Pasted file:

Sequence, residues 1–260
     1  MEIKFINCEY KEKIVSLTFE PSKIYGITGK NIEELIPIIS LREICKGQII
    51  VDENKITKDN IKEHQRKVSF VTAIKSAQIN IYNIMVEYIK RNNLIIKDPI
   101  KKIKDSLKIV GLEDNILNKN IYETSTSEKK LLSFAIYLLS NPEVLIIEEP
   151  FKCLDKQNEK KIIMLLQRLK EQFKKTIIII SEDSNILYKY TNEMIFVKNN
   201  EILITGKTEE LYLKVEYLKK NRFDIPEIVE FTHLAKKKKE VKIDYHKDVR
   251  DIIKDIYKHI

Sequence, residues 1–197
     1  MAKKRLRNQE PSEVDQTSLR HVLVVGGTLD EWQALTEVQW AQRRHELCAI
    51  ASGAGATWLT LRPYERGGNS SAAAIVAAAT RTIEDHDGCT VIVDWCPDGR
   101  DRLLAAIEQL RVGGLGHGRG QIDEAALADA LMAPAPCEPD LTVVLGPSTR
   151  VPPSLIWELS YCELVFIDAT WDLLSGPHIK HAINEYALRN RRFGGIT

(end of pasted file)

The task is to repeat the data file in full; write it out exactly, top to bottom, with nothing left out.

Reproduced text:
Sequence, residues 1–260
     1  MEIKFINCEY KEKIVSLTFE PSKIYGITGK NIEELIPIIS LREICKGQII
    51  VDENKITKDN IKEHQRKVSF VTAIKSAQIN IYNIMVEYIK RNNLIIKDPI
   101  KKIKDSLKIV GLEDNILNKN IYETSTSEKK LLSFAIYLLS NPEVLIIEEP
   151  FKCLDKQNEK KIIMLLQRLK EQFKKTIIII SEDSNILYKY TNEMIFVKNN
   201  EILITGKTEE LYLKVEYLKK NRFDIPEIVE FTHLAKKKKE VKIDYHKDVR
   251  DIIKDIYKHI

Sequence, residues 1–197
     1  MAKKRLRNQE PSEVDQTSLR HVLVVGGTLD EWQALTEVQW AQRRHELCAI
    51  ASGAGATWLT LRPYERGGNS SAAAIVAAAT RTIEDHDGCT VIVDWCPDGR
   101  DRLLAAIEQL RVGGLGHGRG QIDEAALADA LMAPAPCEPD LTVVLGPSTR
   151  VPPSLIWELS YCELVFIDAT WDLLSGPHIK HAINEYALRN RRFGGIT